Recent deaths of young minority men in police interactions have highlighted longstanding tensions between police and those they serve. Contemporary urban youth are heavily policed, many as early as pre-adolescence. This policing is characterized by significant racial disparities, with black teens reporting more, and more intrusive experiences. A long history, and growing literature, suggests that police encounters may vary not only by race, but by complexion. We examine skin tone disparities in police contact among a population-based sample of over 1,000 teens from the Fragile Families and Child Wellbeing Study. We observe a nearly monotonic increase with skin tone darkness in the probability that adolescents report contact with the police. Among those reporting stops, darker-skinned teens also report more intrusive experiences. Preliminary within-race analyses suggest skin-tone gradients in stop prevalence among black and Hispanic teens, but not white or multiracial teens. Subsequent analyses will examine within-race disparities in greater detail.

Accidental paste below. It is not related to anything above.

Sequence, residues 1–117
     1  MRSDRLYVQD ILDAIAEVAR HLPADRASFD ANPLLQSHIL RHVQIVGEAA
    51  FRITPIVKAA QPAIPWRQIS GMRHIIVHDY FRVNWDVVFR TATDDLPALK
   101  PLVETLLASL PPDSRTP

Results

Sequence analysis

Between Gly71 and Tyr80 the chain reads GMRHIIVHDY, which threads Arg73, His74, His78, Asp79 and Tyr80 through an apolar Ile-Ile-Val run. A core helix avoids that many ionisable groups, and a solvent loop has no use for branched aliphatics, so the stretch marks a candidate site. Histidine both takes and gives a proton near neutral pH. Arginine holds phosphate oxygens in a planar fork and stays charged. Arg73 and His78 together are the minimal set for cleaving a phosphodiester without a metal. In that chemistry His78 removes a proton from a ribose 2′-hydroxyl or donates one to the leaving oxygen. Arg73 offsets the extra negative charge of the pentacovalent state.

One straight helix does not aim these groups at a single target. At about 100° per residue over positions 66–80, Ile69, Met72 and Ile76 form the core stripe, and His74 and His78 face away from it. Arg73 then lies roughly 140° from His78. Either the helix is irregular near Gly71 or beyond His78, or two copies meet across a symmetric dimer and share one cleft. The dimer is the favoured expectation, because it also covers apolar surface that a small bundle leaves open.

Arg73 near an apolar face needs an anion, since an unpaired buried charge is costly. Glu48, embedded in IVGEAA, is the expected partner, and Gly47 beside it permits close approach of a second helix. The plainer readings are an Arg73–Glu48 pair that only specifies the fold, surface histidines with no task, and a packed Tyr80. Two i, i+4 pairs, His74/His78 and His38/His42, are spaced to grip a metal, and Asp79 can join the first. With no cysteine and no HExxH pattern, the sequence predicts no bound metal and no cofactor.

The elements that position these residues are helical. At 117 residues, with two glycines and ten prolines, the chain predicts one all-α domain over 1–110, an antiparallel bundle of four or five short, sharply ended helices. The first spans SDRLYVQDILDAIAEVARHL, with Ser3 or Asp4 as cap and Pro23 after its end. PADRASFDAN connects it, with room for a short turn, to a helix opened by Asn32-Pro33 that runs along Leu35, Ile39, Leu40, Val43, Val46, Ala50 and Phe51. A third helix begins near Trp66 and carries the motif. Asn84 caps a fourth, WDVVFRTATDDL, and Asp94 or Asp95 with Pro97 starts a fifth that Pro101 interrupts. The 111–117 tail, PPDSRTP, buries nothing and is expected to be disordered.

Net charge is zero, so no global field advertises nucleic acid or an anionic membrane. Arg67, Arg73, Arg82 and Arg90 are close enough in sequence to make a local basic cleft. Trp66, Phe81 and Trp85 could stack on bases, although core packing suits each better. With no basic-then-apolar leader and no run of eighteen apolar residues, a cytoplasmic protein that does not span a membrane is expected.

Presented in Session 143. Race/Ethnicity, Gender, and Incarceration